During the past two years the CDI have made a number of recommendations to the DfE and are pleased that some of these have been picked up in the strategy. The Careers & Enterprise Company is to be given a broader remit, to provide support to schools across all eight benchmarks, not just the two that focus on engaging with employers. £5M is to be invested in 20 ‘careers hubs’ to extend the good practice developed through the Gatsby pilot in the North East LEP to other areas of the country, £4M is to be made available to fund training for careers leaders in schools and colleges and a further £2M will be spent on projects to test best practice in primary schools and in work with young people with special educational needs and disabilities. And, not before time, a new National Careers Service website will be developed next year. Read more

CDI Annual Conference – Resources
December 13, 2017
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The CDI Annual Conference 2017 attracted a range of highly knowledgeable keynote speakers to bring delegates an innovative and informative programme.

The presentations for each are available to download on the  CDI Website

The CDI Responds to the Government’s New Careers Strategy
December 5, 2017
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The Career Development Institute welcomes the Government’s new careers strategy but is disappointed about the lack of support for impartial careers guidance

Two years ago the then Secretary of State for Education, Nicky Morgan, acknowledged that the school-based approach to careers guidance was not working effectively for all young people and announced that the Government would be publishing a strategy for improving careers guidance in schools. In January of this year the Government re-stated its intention to publish a comprehensive careers strategy later in the year. The Minister now responsible for careers, Anne Milton, launched the long awaited strategy today at the CDI’s annual conference in Solihull.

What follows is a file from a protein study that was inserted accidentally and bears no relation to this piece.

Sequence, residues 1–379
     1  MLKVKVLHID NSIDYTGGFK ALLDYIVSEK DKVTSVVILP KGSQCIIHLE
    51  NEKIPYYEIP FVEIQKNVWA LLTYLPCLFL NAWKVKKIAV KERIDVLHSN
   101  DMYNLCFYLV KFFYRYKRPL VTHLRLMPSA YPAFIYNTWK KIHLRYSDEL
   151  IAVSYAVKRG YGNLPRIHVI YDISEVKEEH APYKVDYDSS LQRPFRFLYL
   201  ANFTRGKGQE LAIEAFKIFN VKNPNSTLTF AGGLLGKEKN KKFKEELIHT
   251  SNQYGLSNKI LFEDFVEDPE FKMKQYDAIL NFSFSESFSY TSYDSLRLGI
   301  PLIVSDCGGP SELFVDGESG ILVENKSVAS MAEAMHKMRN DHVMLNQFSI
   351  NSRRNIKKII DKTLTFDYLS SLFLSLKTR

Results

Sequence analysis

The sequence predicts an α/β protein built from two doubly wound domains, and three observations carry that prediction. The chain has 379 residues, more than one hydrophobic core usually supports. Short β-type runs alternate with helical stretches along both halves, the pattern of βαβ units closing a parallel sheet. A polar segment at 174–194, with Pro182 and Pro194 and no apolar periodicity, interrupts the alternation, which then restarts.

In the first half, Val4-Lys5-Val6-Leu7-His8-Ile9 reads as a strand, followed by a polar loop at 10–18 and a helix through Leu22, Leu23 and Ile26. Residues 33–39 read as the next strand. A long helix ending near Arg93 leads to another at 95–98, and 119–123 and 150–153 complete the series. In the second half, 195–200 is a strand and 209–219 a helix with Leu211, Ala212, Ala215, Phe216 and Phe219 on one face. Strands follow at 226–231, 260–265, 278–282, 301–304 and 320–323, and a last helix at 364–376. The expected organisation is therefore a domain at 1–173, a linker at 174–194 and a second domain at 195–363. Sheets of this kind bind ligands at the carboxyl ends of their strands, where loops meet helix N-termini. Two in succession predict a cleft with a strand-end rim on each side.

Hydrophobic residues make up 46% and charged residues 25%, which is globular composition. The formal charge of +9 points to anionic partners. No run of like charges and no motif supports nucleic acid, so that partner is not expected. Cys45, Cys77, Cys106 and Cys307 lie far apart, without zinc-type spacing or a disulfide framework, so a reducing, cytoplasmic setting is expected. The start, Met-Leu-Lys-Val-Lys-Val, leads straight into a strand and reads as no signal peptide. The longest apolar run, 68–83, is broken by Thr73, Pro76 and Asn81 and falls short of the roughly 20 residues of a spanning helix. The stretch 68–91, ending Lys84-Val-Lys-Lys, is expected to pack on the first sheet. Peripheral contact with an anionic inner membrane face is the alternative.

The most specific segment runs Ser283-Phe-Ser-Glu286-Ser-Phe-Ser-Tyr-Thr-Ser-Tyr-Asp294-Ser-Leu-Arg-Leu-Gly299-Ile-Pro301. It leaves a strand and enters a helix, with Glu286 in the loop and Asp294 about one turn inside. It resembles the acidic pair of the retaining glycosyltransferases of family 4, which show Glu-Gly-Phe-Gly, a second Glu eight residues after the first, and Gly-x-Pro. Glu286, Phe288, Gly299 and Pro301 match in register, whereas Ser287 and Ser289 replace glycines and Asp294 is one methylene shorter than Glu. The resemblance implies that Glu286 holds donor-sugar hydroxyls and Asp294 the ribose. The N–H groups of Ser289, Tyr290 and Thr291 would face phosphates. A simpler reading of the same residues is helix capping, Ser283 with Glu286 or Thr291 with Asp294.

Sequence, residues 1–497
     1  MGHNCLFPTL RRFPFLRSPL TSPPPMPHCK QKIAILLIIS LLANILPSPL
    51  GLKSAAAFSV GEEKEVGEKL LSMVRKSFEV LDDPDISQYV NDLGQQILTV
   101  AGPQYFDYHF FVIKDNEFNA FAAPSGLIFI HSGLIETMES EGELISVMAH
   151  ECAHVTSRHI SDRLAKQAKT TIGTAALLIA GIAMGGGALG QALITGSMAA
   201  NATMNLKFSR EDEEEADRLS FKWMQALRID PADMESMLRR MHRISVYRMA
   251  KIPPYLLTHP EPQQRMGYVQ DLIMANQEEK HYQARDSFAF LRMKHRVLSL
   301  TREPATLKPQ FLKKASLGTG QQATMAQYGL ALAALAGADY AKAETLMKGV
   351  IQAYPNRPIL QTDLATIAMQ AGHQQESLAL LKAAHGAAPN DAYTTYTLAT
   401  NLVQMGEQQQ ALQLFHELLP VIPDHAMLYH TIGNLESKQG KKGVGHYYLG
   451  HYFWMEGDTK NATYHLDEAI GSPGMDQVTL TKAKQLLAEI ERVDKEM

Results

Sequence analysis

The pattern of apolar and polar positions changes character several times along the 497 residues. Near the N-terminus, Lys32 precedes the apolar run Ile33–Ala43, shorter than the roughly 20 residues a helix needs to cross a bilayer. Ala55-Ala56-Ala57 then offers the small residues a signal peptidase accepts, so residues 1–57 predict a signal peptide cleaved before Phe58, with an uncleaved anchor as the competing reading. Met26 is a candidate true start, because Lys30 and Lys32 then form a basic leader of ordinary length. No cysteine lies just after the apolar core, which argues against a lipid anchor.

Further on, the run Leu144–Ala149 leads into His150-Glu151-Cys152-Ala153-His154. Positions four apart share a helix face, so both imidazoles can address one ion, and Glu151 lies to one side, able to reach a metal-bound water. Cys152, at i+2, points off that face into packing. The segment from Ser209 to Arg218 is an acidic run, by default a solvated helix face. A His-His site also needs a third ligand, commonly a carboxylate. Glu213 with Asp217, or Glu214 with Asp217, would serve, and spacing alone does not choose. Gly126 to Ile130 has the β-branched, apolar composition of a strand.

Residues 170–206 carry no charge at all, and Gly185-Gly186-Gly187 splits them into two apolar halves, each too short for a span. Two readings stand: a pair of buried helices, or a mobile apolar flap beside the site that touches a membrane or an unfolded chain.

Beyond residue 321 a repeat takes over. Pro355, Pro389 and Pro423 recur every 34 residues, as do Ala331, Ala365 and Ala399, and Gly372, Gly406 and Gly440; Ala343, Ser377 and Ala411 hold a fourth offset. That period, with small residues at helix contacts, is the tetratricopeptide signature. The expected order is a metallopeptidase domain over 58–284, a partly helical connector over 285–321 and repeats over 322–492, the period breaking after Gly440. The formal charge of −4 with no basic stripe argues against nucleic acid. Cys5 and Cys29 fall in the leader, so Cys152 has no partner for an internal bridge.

The CDI is pleased to see that the strategy picks up several of the points that we have been recommending. It sets out a ‘platform for change’ that should lead to significant improvements in careers education and guidance in schools. The strategy endorses fully the eight benchmarks of good practice developed by the Gatsby Foundation and provides funding to extend the current successful pilot in the North East to twenty more areas of the country. This should help us move towards the CDI’s goal of funded support across the whole of England.

Read more

Application Notice: CDI Board of Directors
October 12, 2017
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The CDI Board is seeking to enhance and strengthen its expertise by formally appointing up to TWO individuals as Directors. 

Candidates with some or all of the following areas of expertise – financial acumen and experience; adult guidance; career coaching and consultancy/private sector knowledge, will be particularly welcomed.

Applicants can access further information on the role of a CDI Director and an application form by clicking on the following links:

The closing date for receipt of application forms: 16.00 on Friday 10th November 2017

To Find Out More Visit: www.thecdi.net